Britain's most senior policeman has vowed to end the speculation about the death of Diana, Princess of Wales.
Princess Diana and her friend Dodi Fayed were killed
Scotland Yard Commissioner Sir John Stevens was speaking at the spot where Diana died with Dodi Al Fayed in a car crash in Paris in August 1997.
After emerging from the Pont de l'Alma tunnel, he said he intended to "draw a line" under the inquiry.
French detectives blamed the driver Henri Paul, who also died, but British police have not before been involved.
Sir John has been asked by Royal Coroner Michael Burgess to get to the truth and to nail unfounded theories.
He said: "Every single aspect of conspiracy theories and the like will be looked at by my team and the coroner."
He added: "We have got to try and do everything we can to draw a line one way or another under this inquiry. Hopefully, we can complete this by the end of December."
Sir John said he would be speaking to officers from MI5 and MI6 to investigate allegations security services were involved in the crash. And he may also speak to the Prince of Wales.
He travelled to Paris by Eurostar with Mr Burgess and Scotland Yard deputy assistant commissioner Alan Brown, who is second in charge on the Diana inquiry.
Sir John is overseeing the investigation
They visited the Ritz Hotel from where Princess Diana's Mercedes limousine set out, drove along the route the car took before it crashed, and examined the tunnel area on foot.
The road into the tunnel was closed off by French authorities and they were accompanied by Martine Monteil, who led the French investigation.
Afterwards Sir John dismissed the suggestion his visit was just a public-relations exercise as "incredibly cynical".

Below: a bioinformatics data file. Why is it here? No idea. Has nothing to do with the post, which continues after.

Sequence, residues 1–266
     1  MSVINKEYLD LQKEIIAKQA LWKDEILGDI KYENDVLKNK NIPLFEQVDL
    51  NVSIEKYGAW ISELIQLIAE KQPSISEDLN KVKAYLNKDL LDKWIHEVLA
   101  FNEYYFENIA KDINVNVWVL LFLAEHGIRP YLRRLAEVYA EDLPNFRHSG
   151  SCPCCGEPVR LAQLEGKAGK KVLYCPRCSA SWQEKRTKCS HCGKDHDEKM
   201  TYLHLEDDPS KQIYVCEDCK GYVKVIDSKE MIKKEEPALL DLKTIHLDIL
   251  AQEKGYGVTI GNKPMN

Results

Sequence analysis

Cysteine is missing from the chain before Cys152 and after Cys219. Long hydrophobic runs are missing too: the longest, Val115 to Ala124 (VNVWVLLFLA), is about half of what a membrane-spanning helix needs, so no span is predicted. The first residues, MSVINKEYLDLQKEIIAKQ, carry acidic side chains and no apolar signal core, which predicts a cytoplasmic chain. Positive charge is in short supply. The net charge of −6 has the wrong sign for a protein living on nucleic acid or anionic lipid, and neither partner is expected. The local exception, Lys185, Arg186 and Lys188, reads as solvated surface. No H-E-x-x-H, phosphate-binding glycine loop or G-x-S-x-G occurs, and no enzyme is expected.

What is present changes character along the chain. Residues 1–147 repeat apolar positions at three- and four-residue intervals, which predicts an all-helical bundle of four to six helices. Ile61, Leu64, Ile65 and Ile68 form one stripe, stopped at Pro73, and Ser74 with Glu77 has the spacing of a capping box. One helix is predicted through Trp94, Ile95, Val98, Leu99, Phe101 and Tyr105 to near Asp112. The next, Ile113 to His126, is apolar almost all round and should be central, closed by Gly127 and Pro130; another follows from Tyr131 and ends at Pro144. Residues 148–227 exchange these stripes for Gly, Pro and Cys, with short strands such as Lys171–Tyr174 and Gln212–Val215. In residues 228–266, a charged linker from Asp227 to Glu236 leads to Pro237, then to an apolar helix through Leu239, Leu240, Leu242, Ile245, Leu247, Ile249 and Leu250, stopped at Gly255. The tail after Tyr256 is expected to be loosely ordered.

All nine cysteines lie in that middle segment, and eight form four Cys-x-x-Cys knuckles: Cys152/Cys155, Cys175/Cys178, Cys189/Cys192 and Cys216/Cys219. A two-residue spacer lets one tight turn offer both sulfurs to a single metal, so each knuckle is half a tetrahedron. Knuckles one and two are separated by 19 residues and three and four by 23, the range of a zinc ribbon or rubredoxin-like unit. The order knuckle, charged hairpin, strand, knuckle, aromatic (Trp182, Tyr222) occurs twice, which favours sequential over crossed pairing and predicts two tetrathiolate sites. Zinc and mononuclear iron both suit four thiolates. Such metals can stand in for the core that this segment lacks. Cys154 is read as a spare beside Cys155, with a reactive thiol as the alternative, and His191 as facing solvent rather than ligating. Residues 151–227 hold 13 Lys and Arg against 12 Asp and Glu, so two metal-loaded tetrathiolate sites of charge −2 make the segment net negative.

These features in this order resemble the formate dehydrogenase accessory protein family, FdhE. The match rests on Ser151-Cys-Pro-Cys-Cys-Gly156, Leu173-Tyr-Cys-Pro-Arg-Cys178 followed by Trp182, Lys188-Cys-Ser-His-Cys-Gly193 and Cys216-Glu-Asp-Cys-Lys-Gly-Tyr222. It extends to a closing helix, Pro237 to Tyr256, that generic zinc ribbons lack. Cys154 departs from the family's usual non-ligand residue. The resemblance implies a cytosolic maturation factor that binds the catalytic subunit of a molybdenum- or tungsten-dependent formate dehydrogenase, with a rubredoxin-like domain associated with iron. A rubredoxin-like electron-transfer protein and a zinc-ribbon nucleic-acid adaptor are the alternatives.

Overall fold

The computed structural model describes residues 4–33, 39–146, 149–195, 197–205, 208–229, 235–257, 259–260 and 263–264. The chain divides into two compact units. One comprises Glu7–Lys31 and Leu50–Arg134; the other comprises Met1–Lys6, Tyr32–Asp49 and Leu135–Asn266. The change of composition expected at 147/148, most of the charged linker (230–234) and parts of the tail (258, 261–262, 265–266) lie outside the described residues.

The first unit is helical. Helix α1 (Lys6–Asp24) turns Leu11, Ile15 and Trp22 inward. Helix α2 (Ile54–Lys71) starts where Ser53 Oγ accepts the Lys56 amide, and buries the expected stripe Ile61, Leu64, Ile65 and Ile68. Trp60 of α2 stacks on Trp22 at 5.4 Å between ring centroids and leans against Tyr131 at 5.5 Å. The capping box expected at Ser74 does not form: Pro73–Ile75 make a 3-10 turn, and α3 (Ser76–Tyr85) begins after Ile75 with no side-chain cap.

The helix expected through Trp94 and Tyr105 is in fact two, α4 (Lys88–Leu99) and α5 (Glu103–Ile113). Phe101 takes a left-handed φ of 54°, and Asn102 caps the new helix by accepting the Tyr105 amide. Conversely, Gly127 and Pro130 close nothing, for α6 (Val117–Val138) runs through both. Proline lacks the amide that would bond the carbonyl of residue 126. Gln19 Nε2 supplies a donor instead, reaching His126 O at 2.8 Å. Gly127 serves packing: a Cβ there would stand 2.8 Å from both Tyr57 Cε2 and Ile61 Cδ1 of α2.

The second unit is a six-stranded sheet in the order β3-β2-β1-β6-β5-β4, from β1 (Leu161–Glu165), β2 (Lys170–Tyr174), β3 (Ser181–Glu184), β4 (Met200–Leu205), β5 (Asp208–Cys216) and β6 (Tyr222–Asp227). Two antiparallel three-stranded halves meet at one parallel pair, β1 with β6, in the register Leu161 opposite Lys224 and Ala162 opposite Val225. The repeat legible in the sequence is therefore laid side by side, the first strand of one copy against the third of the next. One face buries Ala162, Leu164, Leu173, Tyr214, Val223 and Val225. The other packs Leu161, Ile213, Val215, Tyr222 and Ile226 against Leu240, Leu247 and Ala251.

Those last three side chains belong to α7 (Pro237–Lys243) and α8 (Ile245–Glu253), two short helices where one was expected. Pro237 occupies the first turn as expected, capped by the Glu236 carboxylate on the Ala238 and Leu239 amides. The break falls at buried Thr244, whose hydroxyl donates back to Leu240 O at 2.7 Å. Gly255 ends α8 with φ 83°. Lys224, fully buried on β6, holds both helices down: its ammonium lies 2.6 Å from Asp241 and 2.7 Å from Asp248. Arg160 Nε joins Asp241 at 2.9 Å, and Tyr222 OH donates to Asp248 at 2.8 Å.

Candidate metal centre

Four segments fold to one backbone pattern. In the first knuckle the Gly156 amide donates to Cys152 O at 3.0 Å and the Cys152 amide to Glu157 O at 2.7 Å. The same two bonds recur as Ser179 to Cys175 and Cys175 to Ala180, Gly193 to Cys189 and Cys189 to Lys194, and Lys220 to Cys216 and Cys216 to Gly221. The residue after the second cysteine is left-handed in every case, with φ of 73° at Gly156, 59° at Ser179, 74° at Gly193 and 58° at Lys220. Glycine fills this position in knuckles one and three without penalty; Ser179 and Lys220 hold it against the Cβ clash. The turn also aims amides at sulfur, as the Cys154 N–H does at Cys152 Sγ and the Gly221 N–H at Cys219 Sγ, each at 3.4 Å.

He will have 10 detectives working full-time on the inquiry, which may last into next year and is expected to cost up to £2m.
Sir John wanted a "feel" for the crash scene
A 6,000-page report into the tragedy produced by French judge Herve Stephan found driver Mr Paul was speeding while high on a cocktail of drink and prescription drugs.
Mr Burgess opened and adjourned his inquest into Diana's death in January.
It follows persistent claims by Dodi's father Harrods owner Mohamed Al Fayed that the couple were murdered.
BBC correspondent Caroline Wyatt said it was not possible for British officers to intervene until the French investigation finished and manslaughter prosecutions against photographers collapsed.
She said: "Sir John Stevens and Michael Burgess have been at pains to develop a close working relationship with the French police and say there is no implied criticism of their investigation."
Sir John's visit comes days after images of the dying princess were broadcast on American television and condemned by her brother Earl Spencer.
Mr Al Fayed has launched legal action against US network CBS for broadcasting the images.